An alternative bonding technique was successfully demonstrated using a conventional wobble bonder designed for beam lead bonding. In this bonder the substrate is supported on a platform located at the equitorial plane of a metal hemisphere supported in a matching sliding hemispherical bearing. The radial axis normal to the plane surface of the hemispherical platform is made to rotate about a solid angle of approximately one half to one degree, while bonding forces are applied to the chip over the centre of the equitorial plane, through a rigid horizontally faced ram. This causes the maximum bonding force to move progressively around the periphery of the wafer, thereby insuring that all bonds are made, while exploiting the flexibility and stress relieving characteristics of bonds already formed to permit slight motion between the chip and substrate without destructively straining the bonds.
It is believed that the application of ultrasonic energy to the. ram during bonding is also effective if low temperature bonding is desired, or if an all-aluminum metallic system is to be bonded.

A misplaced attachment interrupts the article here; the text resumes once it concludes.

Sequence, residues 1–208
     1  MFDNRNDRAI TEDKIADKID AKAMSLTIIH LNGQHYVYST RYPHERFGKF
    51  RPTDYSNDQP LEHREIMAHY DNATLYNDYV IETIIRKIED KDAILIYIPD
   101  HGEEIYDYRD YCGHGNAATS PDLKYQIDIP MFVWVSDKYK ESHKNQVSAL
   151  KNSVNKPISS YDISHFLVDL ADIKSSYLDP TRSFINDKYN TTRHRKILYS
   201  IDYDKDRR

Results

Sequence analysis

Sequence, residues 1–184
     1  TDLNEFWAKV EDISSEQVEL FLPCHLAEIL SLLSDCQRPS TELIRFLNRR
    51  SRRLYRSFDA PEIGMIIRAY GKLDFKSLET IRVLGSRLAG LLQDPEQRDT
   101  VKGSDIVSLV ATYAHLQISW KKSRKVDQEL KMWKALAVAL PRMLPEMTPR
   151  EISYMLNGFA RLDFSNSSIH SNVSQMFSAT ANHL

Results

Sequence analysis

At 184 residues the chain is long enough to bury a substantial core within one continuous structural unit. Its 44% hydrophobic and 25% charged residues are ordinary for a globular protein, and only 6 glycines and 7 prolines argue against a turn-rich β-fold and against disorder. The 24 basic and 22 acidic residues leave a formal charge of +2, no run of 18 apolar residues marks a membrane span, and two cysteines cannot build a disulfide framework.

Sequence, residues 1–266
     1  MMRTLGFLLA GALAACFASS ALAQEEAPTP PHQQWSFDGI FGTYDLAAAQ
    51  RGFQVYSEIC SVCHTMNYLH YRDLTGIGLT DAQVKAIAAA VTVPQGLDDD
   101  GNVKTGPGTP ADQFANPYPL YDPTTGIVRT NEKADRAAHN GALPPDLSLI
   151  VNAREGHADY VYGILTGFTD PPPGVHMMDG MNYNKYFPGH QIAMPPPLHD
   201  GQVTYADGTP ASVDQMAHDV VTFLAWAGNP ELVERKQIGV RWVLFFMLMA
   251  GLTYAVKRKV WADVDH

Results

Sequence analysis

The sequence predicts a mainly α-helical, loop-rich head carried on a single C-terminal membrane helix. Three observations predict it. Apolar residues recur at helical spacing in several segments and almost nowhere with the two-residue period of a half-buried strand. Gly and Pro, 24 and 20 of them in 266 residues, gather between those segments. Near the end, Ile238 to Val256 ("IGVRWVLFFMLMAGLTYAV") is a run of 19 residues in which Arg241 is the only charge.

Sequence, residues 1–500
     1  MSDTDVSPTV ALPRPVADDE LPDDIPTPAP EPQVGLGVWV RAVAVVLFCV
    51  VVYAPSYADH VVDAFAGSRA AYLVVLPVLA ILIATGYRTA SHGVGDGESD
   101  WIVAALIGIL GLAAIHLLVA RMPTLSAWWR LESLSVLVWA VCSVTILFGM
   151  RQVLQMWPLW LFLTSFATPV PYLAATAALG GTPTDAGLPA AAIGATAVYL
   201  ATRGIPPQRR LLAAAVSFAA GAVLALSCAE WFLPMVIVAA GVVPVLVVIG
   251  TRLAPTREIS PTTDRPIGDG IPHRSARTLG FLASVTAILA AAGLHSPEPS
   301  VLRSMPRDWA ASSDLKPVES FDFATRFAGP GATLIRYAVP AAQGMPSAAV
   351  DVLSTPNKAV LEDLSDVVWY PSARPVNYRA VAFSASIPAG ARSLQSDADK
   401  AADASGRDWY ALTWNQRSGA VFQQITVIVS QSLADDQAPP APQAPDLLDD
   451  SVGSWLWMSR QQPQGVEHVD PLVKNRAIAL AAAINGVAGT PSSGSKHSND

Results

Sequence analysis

It should be understood that it is not essential that the raised land be applied to the beam lead. Alternatively, for instance the equivalent of raised lands or gold bumps may be formed'on the substrate to which the beams are bonded. Other variations will also become evident to one skilled in the art understanding this invention. Indeed, other metallurgical systems can -be used within the scope of this invention, while using the principles thereof. v v
It has been found during destrictive deceleration tests of chips utilizing the inventive beams that failures oc- 10. curred either by fracture of the chips themselves, or by tearing of the beams in the pliant arm portions, rather than at the thermocompression bonds or at the anchor regions, which illustrates the high reliability of the beam leads. I
It is to be understood that the above described arrangements are illustrative of the application of the principles of the invention. Numerous other arrangements may be devised by those skilled in the art without departing from the spirit and scope of the invention.
What is claimed is: s 1. A terminal for a semiconductor device comprising a terminal anchor region on the surface of a semiconductor chip, a conductive beam terminal adherent to the anchor region, the beam terminal-having a pliant armv portion non-adherent to the surface extending .over another portion of the chip, its boundary extending no further than the boundary of the chip, and a connection pad region on the surface of said arm a predetermined distance from the anchor region.